It opened on August 16, 1973 — 40 years ago next month.
Northwoods Mall was Peoria’s first indoor shopping center, and it was a long time in the making. It was conceived by Carson, Pirie, Scott, & Co., longtime downtown department store anchor and successor to Block & Kuhl. In 1961, they acquired the land bounded by I-74, US-150 (War Memorial Dr.), and Sterling Avenue. Back then, this was the very northwest edge of town. There was no Westlake Shopping Center (that would come shortly after Northwoods was built), let alone Glen Hollow. The land and roads were rural.
Soon, Carson’s partnered with two other downtown stores to become equal partners in the venture: Montgomery Ward and JC Penney. In 1965, a coalition of downtown merchants and some merchants from Sheridan Village raised objections to the rezoning and filed suit against Carson’s. By 1970, the lawsuits were settled out of court, and in February 1970, the Peoria City Council gave final zoning approval.Groundbreaking took place on October 26, 1971. It would have retail space of over 700,000 square feet in the middle of 56 acres of land and cost $25 million to build. That’s roughly equivalent to $144 million today. There was space for over 100 stores in addition to the three anchors. Almost 3,700 parking spaces were provided for shoppers. When it opened, it was the largest indoor mall between Chicago and St. Louis.
The mall was designed by Chicago architects Sidney H. Morris & Associates. Original tenants (in addition to the three anchors) included Seno & Sons Formal Wear, Campus Music Shop, Moore Jewelry, Stride Rite Shoes, Susies Casual, Baker Shoes, Jeans West, B. Dalton Book Sellers, Kay Howard Shop, Petrie Stores, Brooks, Byerly Music, Browns Spoting Goods, O’Connell’s Restaurants, Kinney Shoes, Thom McAn, Foxmoor Casuals, Konee’s Restaurant, Fannie May, Tie Hut, Fact Foto, Florsheim, Aladdin’s Castle amusement center, Musicland, Evenson’s Card Shop, Just Pants, Claire’s Boutique, Dutch Mill, Burton’s Shoes, Fab-N-Trim, Page Jewelry, Honey Bear Farm cheese and gourmet food store, Gallenkamp shoes, National Shirt Shops, Paul Harris Stores, Helzberg Jewelers, Orange Bowl fast food store, Regal, General Nutrition, Singer, and Savings Center Enterprises (development corporation owned by First Federal Savings & Loan Assoc.). [See complete list of tenants c. 1984 by clicking here]
The mall was managed by Harold Carlson Associates of Chicago from its opening in 1973 until November 1983. In May 1983, Carson’s sold its one-third share in the mall to Cleveland’s Jacobs-Visconsi-Jacobs mall management firm, and in October, Wards sold their share to Melvin Simon and Associates (now Simon Property Group) of Indianapolis. Simon was chosen to manage the mall in November 1983, and it now fully owns and manages Northwoods. The change in management wasn’t without its critics. Several store owners at the time told the newspaper that Simon was more interested in getting national chains than supporting local stores. Simon countered that they felt they were providing the right mix of chain and local shops to serve the needs of the community.The original center court included a 40-foot-tall wood sculpture and a large, four-faced clock tower. There were also sunken seating areas throughout the mall where weary shoppers could rest. These have all been removed in subsequent renovations. The most recent renovation was in 2005. JC Penney is the only remaining original anchor. Carson’s closed in 1983 and was replaced with Famous Barr in October 1985. Famous Barr was later acquired by and changed over to a Macy’s store. Montgomery Ward went out of business in 1997; Sears moved from downtown to Northwoods in 1998.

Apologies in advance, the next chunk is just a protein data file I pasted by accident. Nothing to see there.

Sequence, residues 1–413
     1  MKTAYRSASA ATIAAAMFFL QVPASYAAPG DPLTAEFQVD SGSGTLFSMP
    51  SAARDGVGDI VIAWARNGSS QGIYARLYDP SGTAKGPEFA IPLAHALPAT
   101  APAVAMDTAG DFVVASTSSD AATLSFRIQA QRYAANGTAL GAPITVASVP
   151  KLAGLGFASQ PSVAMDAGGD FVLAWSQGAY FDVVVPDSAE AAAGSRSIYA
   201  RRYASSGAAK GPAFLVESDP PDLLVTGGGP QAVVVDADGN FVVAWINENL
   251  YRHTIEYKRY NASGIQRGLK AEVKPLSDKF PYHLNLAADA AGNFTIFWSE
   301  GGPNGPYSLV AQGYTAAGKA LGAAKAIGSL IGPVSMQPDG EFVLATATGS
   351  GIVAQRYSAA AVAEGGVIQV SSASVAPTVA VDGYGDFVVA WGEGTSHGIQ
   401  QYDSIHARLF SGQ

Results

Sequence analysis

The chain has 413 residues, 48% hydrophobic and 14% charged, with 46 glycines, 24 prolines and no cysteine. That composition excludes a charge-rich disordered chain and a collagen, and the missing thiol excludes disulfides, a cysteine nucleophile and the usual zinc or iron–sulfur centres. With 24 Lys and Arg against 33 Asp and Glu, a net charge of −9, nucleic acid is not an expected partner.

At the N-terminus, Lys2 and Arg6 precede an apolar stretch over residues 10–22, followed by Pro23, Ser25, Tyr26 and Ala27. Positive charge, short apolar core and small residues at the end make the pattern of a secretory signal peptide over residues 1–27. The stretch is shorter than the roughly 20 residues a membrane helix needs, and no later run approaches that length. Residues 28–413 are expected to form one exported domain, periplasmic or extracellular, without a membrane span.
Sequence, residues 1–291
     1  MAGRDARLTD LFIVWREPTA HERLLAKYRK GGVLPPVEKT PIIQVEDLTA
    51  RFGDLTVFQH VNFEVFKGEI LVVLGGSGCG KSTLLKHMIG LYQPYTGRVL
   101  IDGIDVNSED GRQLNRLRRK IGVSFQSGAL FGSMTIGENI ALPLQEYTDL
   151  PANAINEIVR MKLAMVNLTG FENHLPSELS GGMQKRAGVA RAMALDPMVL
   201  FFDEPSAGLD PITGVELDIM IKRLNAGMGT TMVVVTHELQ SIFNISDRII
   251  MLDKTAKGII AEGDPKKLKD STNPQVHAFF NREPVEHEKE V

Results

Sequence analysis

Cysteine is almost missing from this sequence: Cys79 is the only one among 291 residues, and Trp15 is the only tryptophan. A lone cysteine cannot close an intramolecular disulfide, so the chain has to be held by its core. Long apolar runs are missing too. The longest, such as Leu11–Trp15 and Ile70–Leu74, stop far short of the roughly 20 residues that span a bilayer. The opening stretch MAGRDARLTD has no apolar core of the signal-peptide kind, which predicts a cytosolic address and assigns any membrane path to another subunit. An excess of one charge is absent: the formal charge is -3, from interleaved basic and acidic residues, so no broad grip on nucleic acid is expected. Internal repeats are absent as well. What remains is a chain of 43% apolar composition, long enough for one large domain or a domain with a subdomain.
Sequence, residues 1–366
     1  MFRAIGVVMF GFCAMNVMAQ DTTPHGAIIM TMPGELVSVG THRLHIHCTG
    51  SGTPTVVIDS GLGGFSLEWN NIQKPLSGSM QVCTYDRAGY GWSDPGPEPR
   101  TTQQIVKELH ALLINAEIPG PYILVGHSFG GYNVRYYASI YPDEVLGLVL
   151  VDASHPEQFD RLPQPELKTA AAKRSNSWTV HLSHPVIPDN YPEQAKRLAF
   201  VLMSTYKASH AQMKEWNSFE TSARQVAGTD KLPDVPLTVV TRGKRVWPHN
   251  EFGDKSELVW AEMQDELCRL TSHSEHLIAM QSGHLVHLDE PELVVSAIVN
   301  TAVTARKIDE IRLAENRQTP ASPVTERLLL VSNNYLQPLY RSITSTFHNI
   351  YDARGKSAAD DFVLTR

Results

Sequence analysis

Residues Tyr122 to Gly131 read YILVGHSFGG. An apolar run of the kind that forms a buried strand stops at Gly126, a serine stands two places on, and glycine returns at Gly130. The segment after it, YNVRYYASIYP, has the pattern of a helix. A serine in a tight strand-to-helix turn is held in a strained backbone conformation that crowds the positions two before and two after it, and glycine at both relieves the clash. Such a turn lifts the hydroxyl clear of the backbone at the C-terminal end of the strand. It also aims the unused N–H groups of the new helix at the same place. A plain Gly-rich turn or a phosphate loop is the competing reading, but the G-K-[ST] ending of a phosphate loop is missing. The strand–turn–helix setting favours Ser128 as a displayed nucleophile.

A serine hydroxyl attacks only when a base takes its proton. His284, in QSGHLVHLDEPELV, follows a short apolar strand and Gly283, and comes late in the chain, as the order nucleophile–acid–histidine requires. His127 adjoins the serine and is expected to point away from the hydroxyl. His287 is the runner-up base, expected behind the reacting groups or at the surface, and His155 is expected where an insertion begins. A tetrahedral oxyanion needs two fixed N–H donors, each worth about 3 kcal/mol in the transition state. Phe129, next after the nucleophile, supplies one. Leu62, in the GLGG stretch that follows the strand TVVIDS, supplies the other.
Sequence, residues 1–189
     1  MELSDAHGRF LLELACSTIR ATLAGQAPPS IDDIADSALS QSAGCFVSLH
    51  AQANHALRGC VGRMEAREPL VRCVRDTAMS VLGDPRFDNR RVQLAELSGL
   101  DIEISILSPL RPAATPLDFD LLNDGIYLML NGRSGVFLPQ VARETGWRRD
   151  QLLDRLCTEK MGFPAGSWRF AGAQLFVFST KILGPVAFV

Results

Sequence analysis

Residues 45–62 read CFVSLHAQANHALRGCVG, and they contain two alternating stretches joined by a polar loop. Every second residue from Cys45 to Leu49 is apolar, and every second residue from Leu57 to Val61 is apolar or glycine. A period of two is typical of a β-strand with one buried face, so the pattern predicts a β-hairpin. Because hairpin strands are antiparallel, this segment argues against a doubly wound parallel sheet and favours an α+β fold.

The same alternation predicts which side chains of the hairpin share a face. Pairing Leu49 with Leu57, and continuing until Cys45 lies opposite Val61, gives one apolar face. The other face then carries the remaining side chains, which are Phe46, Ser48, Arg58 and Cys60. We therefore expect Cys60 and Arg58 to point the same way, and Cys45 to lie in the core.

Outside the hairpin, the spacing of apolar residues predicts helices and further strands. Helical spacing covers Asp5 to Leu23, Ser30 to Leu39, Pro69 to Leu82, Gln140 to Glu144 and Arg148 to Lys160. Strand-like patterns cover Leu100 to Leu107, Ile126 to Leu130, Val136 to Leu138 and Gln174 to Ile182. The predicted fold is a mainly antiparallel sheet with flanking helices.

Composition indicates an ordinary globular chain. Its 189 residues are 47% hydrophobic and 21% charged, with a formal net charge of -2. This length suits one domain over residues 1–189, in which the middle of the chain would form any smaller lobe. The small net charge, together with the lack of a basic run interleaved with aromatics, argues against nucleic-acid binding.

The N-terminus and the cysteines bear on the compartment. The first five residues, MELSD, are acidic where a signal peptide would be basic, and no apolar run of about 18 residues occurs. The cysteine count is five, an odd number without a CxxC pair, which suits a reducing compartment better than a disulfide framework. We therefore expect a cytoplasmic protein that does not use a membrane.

Perhaps the most famous tenant of Northwoods Mall was the Skewer Inn. In October 1983, 28 people who dined at the Skewer Inn contracted botulism from tainted onions served sauteed on patty melt sandwiches. The sickened restaurant guests survived (well, one person died months later, possibly in part due to complications from the illness), but the restaurant didn’t. Although they tried to reopen, they never could rescue their reputation.
One restaurant that didn’t make lists of tenants was The Nordic House. It was located inside Carson’s on the lower level and had a Scandinavian theme. According to the newspaper, the restaurant “face[d] an outside garden area on two sides, with sculpture and plantings enclosed by a wall attractively blended into the architecture of the building. The restaurant will offer buffet and waitress service for lunch Monday thru Saturday, dinner Monday thru Friday, and will be open for buffet service only on Sunday.” It received good reviews for food and service in later newspaper accounts.
It didn’t take long for Northwoods’ impact to be felt downtown. Just a year after it opened, a study was released that showed sales were down in the old central business district. Downtown retailers tried to stay positive, but within a decade, most of them had closed their downtown stores and either moved to the suburbs (“if you can’t beat ’em, join ’em”) or disappeared for good. Today, the central business district is predominantly parking, offices, and civic buildings.
I called Northwoods to see if they have any plans for a fortieth anniversary celebration. They said their plans were not finalized and they were not ready to announce anything at this time, but they’d let me know. If I find out anything, I’ll post the update here.
Share your memories of Northwoods in the comments section below.